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Mary Janes

Once upon a time, a little sailor-hat-wearing boy called Buster Brown had a sister, and her name was Mary Jane.

The two siblings were popular comic strip characters in the early 1900s, and both later loaned their names to the Buster Brown Shoe Company.

Mary Jane wore sausage curls, a frilly dress, and knee socks. Buster wore the floppy bow Buster Brown suit, and both wore a simple round-toe, instep strap, black shoes, which would become known as Mary Janes.

Mary Janes fast became the quintessential little girl shoe. A pair of white tights, a frilly pinafore dress, and a pair of so-shiny-you-can-see-yourself black patent leather Mary Janes were the uniform of little girls across the world.

Whether dolled-up in Sunday’s finest or getting ready for a birthday bash, little girls weren’t little girls if they didn’t wear a pair of Mary Janes.

Mary Janes were your “good shoes”, and required constant care against scrapes, scuffs and dirt -no small task for the rambunctious childhood years of running, jumping and crawling.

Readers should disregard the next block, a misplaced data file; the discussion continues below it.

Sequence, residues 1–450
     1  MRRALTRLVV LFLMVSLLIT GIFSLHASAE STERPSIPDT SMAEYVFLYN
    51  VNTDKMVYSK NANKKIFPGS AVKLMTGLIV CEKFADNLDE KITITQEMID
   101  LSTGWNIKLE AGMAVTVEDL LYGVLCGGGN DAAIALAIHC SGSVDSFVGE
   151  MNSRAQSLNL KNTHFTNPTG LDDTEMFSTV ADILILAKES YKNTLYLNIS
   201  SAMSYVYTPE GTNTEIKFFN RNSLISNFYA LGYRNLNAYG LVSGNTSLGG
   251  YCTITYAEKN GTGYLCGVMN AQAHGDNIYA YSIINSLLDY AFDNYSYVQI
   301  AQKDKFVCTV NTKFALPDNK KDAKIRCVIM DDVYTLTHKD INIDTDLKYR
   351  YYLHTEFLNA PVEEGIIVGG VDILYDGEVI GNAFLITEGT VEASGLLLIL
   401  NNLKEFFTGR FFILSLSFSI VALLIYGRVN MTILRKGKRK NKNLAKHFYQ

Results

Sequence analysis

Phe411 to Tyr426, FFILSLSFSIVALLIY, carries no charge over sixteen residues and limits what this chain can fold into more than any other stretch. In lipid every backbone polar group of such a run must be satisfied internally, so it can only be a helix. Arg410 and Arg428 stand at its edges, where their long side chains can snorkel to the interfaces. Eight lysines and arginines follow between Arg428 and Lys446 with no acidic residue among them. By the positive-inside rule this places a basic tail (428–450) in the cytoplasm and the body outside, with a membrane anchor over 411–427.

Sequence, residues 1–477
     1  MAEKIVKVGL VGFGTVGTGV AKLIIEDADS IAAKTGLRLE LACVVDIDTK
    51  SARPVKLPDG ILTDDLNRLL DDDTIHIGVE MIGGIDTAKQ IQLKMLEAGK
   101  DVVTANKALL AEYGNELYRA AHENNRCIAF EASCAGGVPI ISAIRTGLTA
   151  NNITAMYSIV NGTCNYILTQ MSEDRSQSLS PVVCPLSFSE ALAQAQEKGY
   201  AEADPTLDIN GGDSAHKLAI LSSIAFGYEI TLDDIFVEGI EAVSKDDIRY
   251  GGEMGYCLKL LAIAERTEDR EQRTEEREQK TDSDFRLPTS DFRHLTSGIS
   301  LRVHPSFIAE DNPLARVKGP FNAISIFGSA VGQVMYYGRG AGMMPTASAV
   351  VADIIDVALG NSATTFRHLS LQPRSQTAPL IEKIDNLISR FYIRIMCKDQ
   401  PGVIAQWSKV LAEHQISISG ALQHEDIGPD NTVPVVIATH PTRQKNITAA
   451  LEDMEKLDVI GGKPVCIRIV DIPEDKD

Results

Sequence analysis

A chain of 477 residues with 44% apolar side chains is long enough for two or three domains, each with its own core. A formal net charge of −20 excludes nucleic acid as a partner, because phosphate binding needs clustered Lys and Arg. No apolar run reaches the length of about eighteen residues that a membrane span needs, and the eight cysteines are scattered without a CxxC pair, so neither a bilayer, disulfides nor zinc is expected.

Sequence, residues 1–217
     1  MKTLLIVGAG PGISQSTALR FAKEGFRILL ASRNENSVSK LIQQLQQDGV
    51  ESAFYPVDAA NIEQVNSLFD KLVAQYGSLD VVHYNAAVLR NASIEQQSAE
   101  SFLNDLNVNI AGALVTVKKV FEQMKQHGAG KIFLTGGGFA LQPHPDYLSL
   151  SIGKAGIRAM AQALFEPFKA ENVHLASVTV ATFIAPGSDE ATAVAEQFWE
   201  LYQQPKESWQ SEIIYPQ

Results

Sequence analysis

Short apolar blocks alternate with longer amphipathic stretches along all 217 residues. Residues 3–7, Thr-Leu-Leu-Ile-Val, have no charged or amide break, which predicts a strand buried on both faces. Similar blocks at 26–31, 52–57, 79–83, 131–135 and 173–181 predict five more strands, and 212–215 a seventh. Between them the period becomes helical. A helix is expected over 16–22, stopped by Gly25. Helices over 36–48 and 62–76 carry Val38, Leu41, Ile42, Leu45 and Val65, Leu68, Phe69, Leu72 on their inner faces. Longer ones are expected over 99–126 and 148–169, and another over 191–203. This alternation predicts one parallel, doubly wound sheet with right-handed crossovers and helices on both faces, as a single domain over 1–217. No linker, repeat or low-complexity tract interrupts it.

And that was the point: when mother spent hours curling your hair and ironing your best dress, shining your shoes, and maybe even applying a little rouge to your cheeks and lips, the last thing she wanted to see was you crawling around on the floor like the boys. Pristine shoes required proper behaviour: hands in the lap, feet flat on the floor, and a stillness that was torture.

Thankfully, the advent of casual shoes for girls lightened up playtime, but Mary Janes remain a favourite for little girls when dressing up is the name of the game.

The traditional black or white patent leather has been joined with innumerable variations in colours and fabrics, but the classic round-toe, instep strap with side buckle design hasn’t changed.